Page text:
If you’re not familiar with kohlrabi, it’s this alien-looking plant that you might not know how to use in your kitchen, let alone grow it. But don’t let the looks stop you. Kohlrabi is so juicy, fresh, and versatile that it would be a shame not to try it at least once.
Or maybe you’ve tried to grow kohlrabi, but with little success, as a lot of things can go wrong with it. I found the best way to increase your chances is to start the seeds indoors.
Kohlrabi transplants well, and this is actually a preferred method to extend your season in spring. Start your seeds indoors, as early as February, because kohlrabi needs cool weather to thrive. Direct sowing it in the ground won’t give it enough time to develop until the weather starts to warm up.
Kohlrabi loves cool nights in the 40°F (5°C) to 50°F (10°C) range, and doesn’t do very well when the day temperatures reach 80°F (27°C). For this reason, if your area has a short spring season, it’s best to plant your kohlrabi, as well as other brassicas such as cabbage, kale, and turnip as soon as you can.
If the weather is too hot, or too dry, your kohlrabi plants may not form bulbs, or the bulbs may crack and become woody. You can still eat your kohlrabi plants even if this happens, as the leaves and part of the fruit are still edible. But it’s best to prevent this from happening by sowing kohlrabi at the right times of the year and using transplants instead of direct sowing.
Here is all you need to know about kohlrabi transplants:
1. Kohlrabi transplants should be at least 4 weeks old.
For most temperate climates with long winters and short springs, the soil is workable in March, and even sooner than that. I garden in zone 6B, and it makes sense for me to start my kohlrabi seeds in mid to end of February and transplant them outside at the end of March.
While you can grow kohlrabi seedlings indoors for longer, if you are using smaller modules, 4 weeks is the optimum time to transplant them outside. Otherwise, you risk getting the seedlings rootbound and stunt their growth. You can check this by gently lifting a plant and seeing if roots have taken over the exterior of the starting mix.
If you still have snow in the ground and your kohlrabi seedlings are already 4 weeks old, pot them on in larger containers or plant them under a cold frame. But generally, they can last 1-2 weeks longer in the same modules.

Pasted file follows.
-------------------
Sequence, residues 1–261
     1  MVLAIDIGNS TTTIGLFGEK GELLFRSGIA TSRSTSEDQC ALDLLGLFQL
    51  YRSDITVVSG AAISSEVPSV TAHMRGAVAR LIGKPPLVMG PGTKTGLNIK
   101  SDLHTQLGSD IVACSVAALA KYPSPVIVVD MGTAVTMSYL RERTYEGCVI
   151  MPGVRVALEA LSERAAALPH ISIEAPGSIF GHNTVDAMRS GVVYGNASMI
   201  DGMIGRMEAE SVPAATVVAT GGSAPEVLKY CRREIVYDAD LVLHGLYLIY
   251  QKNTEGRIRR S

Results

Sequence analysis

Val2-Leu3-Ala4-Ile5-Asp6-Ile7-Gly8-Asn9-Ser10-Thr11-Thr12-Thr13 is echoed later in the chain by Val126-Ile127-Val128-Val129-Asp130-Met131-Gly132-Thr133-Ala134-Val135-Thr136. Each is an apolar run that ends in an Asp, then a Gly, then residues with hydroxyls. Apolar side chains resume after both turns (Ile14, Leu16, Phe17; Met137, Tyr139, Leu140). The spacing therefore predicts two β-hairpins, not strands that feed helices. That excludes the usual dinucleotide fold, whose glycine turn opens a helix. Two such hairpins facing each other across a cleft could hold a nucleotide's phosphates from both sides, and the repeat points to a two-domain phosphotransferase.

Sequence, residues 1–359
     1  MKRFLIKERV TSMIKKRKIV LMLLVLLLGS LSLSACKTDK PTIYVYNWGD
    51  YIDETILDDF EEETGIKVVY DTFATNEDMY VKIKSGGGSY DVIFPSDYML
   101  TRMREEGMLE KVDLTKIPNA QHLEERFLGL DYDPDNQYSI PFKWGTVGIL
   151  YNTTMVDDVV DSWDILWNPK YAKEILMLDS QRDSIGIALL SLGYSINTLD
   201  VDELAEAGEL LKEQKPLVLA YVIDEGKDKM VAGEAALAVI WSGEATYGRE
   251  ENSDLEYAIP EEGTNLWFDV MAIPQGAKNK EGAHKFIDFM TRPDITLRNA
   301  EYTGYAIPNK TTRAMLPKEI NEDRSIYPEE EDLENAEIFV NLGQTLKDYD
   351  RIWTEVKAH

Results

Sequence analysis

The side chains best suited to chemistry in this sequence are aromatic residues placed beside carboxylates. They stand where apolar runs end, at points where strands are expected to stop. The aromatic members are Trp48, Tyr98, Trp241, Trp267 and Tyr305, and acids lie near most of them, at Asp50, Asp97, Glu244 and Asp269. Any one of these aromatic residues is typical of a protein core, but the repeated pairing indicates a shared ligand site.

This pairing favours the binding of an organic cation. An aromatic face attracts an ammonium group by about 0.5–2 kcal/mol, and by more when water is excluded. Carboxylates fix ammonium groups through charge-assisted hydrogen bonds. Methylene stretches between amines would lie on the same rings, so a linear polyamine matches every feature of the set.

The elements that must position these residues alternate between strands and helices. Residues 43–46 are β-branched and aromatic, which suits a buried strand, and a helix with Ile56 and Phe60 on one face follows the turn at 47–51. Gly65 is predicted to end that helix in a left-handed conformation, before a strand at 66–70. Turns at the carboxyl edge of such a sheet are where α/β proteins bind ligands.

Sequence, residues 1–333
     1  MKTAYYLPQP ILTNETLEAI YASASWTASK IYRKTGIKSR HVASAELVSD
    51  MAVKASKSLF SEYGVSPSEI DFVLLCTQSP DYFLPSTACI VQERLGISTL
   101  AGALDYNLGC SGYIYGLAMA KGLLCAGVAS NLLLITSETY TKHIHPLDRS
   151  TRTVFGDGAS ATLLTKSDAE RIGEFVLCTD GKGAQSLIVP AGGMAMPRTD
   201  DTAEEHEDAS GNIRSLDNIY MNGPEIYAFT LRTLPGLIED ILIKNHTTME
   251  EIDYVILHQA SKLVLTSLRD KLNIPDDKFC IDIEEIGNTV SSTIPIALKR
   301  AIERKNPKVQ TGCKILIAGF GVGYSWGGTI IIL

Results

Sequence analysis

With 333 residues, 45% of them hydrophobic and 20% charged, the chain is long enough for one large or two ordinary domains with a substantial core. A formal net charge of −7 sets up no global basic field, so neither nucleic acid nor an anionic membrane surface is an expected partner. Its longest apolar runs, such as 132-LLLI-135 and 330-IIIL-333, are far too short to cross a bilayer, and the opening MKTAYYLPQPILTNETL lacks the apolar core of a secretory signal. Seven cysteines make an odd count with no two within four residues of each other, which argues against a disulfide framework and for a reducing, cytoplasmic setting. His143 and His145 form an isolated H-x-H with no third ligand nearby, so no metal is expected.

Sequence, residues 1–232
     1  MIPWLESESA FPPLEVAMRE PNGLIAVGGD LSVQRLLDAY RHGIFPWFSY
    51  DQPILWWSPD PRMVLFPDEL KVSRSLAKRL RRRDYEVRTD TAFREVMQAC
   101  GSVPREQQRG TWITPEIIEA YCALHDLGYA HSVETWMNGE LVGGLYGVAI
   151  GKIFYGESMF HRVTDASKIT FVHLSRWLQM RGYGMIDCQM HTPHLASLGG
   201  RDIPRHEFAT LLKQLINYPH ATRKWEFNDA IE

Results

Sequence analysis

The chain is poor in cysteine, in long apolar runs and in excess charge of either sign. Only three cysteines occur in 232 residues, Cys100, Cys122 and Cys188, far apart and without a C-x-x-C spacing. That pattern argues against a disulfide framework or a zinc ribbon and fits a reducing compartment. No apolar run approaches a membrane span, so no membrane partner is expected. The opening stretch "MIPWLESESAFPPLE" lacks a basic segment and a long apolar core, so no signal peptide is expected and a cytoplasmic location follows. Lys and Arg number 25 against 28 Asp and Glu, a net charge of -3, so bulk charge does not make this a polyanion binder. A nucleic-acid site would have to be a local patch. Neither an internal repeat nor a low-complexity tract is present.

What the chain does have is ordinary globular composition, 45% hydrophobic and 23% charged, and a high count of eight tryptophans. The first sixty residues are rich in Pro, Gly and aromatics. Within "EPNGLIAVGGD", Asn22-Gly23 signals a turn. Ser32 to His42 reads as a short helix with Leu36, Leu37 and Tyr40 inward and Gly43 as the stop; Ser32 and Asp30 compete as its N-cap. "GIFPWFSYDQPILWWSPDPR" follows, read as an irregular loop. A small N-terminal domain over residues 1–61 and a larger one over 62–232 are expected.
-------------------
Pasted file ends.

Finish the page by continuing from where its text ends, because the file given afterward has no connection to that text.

Kohlrabi seedlings that are started indoors need to be hardened off before transplanting them outside. You can do this by leaving them outside for a couple of hours at a time, gradually increasing their exposure until they’ve spent a full day outside.
Once in the ground, you can ease the transplant shock by covering them with one or two layers of fleece directly on top, no hoops needed.
2. You need to thin kohlrabi transplants early on.
It’s a good idea to sow a few more seeds of kohlrabi than needed in your module trays. This way, you can ensure a higher rate of germination.
Unlike beetroot and radishes that don’t mind being grown in clumps, kohlrabi grows best as a single seedling, so you will need to thin them. If the seedlings compete for space and nutrients, they won’t develop as sturdy and thick.
But don’t just discard the other seedlings – you can transplant them to another module and multiply your kohlrabi seedlings using this method.
If you’re looking to get your kohlrabi starts from your local garden center, look for the ones that have multiple seedlings inside one cell and separate them to obtain more plants than what you paid for.
Often times, the seedlings at the garden center are older, with bulbs already starting to form. In spite of getting older plants, you can still separate them. Even if you’re breaking a few roots, they will recover.